Brexit no dampener as more Goans migrate to UK | world-news | Hindustan Times
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Brexit no dampener as more Goans migrate to UK

From 7,000 Portuguese citizens resident in Britain in 2012 who were born in India, the figure has gone up to 28,000 in the year ending June 2017.

world Updated: Nov 01, 2017 07:57 IST
Prasun Sonwalkar
A food stall at the UK Goan Festival held in London in August 2017.
A food stall at the UK Goan Festival held in London in August 2017. (HT Photo)

There has been a four-fold increase in the number of India-born Portuguese citizens migrating to Britain since 2012, with anxieties over their stay in the country after Brexit not putting off migrants from the former Portuguese colony of Goa. 

The Office for National Statistics told Hindustan Times that from 7,000 Portuguese citizens resident in Britain in 2012 who were born in India, the figure has gone up to 28,000 in the year ending June 2017. Most of them have settled in London, Swindon and Leicester.

Portuguese nationality law allows people born before Goa’s liberation on December 19, 1961, and their children, to opt for its citizenship, which makes them citizens of the European Union and thus eligible to migrate, live and work in any of the 28 countries of the EU. 

“There is some fear at the back of the mind due to Brexit, but that has not stopped more Goans from giving up Indian citizenship and applying for Portuguese nationality. The situation is bad in Goa, many don’t see a future there,” Aleixo Reginaldo Lourenco, the Congress MLA from Curtorim currently on a visit to London, told Hindustan Times. 

“Most of those leaving Goa are youngsters, they are not leaving out of love of London or Britain, but they just don’t get jobs there. Some are scared about the future. Not only Catholics, many Hindus have opted for Portuguese passports and left.”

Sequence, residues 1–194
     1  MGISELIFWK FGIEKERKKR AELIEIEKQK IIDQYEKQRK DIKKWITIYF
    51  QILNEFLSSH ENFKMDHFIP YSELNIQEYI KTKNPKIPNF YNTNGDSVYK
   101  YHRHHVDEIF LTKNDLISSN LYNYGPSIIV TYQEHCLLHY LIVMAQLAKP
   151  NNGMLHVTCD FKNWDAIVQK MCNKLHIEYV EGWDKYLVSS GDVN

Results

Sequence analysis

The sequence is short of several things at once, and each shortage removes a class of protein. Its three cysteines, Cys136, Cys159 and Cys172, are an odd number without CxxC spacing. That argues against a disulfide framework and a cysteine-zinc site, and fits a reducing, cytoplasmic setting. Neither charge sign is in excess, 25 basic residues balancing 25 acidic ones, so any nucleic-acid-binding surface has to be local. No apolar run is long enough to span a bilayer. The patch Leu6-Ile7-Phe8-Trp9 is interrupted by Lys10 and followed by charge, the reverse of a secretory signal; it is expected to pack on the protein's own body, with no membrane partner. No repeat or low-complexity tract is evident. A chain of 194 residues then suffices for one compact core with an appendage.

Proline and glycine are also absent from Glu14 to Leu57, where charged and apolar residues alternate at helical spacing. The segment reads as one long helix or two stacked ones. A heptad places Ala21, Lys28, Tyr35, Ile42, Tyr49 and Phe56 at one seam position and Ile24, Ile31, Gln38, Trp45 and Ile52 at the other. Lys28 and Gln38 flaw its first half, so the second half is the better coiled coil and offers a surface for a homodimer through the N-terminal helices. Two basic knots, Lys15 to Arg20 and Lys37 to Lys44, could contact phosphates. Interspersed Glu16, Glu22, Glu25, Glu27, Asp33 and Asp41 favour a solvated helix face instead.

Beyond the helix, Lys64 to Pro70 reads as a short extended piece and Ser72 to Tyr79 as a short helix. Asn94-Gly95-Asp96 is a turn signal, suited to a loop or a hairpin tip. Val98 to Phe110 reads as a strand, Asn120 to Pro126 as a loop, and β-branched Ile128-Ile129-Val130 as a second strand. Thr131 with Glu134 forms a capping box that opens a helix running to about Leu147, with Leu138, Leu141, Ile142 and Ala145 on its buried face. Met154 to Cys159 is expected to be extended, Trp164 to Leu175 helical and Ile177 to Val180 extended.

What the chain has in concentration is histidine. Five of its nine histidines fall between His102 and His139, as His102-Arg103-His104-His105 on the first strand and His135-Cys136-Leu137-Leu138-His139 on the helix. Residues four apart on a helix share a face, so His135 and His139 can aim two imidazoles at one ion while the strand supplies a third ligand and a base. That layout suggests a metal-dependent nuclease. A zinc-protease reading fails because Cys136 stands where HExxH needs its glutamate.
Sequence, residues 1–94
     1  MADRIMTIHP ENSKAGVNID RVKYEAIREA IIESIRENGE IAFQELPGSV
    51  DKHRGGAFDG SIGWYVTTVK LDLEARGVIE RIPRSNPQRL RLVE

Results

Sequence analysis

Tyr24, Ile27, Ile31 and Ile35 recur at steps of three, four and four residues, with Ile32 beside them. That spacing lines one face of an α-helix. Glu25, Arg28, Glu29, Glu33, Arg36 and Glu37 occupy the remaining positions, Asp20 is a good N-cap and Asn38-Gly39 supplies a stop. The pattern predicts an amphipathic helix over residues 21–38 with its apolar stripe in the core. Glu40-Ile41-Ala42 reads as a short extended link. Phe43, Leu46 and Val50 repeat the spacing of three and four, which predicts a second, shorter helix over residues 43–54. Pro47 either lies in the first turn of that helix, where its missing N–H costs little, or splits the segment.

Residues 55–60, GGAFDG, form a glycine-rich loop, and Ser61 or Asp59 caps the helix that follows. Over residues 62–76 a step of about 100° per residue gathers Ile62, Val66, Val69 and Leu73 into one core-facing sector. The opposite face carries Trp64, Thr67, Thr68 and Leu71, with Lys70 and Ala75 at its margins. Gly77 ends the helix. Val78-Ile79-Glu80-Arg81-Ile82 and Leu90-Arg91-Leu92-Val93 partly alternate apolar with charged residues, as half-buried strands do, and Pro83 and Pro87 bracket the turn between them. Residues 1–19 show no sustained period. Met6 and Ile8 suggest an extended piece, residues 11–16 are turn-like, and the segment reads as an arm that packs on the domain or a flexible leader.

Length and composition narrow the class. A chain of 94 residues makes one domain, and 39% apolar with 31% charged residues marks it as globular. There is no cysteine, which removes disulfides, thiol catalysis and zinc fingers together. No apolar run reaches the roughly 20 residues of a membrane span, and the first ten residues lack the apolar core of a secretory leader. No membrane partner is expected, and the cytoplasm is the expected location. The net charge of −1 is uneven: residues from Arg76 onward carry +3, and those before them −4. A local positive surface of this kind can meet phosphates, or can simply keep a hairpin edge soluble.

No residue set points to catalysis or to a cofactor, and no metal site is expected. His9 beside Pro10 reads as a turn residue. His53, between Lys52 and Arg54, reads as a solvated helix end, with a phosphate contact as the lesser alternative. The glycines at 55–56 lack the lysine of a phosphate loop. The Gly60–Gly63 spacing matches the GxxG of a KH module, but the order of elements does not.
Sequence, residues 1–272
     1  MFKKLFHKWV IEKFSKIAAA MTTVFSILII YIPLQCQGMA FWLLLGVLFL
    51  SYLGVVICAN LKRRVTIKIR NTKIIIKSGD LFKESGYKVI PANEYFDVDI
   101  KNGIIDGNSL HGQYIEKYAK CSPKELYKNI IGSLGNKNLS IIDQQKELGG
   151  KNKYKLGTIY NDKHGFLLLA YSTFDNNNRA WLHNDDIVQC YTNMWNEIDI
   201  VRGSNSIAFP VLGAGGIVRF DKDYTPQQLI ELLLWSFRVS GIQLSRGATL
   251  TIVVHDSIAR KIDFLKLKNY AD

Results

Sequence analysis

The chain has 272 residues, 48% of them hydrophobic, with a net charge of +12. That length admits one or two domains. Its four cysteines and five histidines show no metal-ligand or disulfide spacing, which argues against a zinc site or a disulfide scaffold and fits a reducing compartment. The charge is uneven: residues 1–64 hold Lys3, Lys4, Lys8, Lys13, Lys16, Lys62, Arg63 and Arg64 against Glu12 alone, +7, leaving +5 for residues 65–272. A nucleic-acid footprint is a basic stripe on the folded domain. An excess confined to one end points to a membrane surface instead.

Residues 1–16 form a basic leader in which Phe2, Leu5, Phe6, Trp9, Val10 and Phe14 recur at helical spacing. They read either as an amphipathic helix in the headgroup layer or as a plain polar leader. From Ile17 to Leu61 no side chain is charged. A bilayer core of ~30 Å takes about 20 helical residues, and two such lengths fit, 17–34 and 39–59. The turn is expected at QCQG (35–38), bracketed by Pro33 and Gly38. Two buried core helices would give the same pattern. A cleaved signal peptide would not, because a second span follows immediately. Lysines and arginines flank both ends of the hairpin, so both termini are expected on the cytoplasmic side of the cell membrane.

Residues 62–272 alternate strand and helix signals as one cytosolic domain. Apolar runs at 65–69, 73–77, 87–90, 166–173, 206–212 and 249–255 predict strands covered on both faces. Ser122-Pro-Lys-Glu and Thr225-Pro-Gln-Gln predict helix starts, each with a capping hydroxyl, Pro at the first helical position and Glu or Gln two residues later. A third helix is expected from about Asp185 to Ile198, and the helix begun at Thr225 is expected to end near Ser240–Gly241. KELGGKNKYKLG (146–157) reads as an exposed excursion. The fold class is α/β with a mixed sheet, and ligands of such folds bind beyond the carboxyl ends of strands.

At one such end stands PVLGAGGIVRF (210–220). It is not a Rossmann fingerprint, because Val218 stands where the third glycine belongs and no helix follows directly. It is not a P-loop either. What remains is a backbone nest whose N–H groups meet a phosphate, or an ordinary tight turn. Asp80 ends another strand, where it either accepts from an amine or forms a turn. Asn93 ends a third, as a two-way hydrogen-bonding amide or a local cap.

The migration of Goans to Britain via Portuguese citizenship has led to demands that the Theresa May government stop the “loophole” that allows the alleged back door entry to the UK, since most do not go to Portugal but migrate to Britain. 

As Portuguese citizens, they are part of the estimated 3 million EU citizens in Britain currently caught up in Brexit talks over their continued stay in the country. Prime Minister May has linked their fate to that of 1.5 million British citizens in EU countries after Brexit.

“Brexit is not really a worry because Goans as you know have migrated to various countries over the centuries, to Africa, Europe and elsewhere. We will see how Brexit plays out, but don’t think it will affect us adversely,” said John Menezes, a structural engineer from Panaji who migrated to London in 2016 with his son after acquiring Portuguese nationality.

The presence of recently arrived Goans is apparent in places such as Heathrow, Southall and Hounslow, where many have found employment in the hospitality and retail sectors. Dwindling church attendance in the area has been boosted by their arrival.

“Brexit is no longer in the forefront of Goans’ minds. In fact, the concern is more about the overall economy and how the pound’s fluctuations will affect decisions such as buying houses. After all, Goans are survivors, we have seen the worst in Africa too,” said Rabi Martins, councillor in Watford and a senior local leader of the Liberal Democrats. 

However, Panaji-origin civil servant Jaime Barreto added: “We are still not aware of the rules that will apply post-Brexit. Many Goans with Portuguese citizenship, who have been here for some years, have started applying for British passports just to be on the safe side.”

According to Lourenco, many Goans in Britain will return home after working here. There have already been some examples of such Portuguese citizens returning to Goa, he said, and refuted claims that Goans were living in miserable conditions in London and elsewhere.

“They are not beggars who came here, they are certainly not living miserably, as some MLAs have claimed in Goa. There is dignity of work here, they don’t want to stay indefinitely, but return after working and improving their economic conditions,” he said.

Thousands of Goans gathered in the grounds of the Cranford Community College in west London on August 7 for the annual Goa Festival. Organised by the Goan Association UK (established in 1966), the event saw one of the largest gatherings in recent years. 

There are three Goa-origin MPs in the House of Commons: Keith Vaz, Valerie Vaz (both Labour) and Suella Fernandes (Conservative). 

Portugal was the first Western country to colonise parts of India (Goa, from 1510) and the last to leave (in 1961).

India-born UK residents with Portuguese nationality:

2012 7,000

2013 13,000

2014 13,000

2015 21,000

2016 25,000

2017 28,000

(Source: Estimates with less than 5% variation from the Office for National Statistics, UK)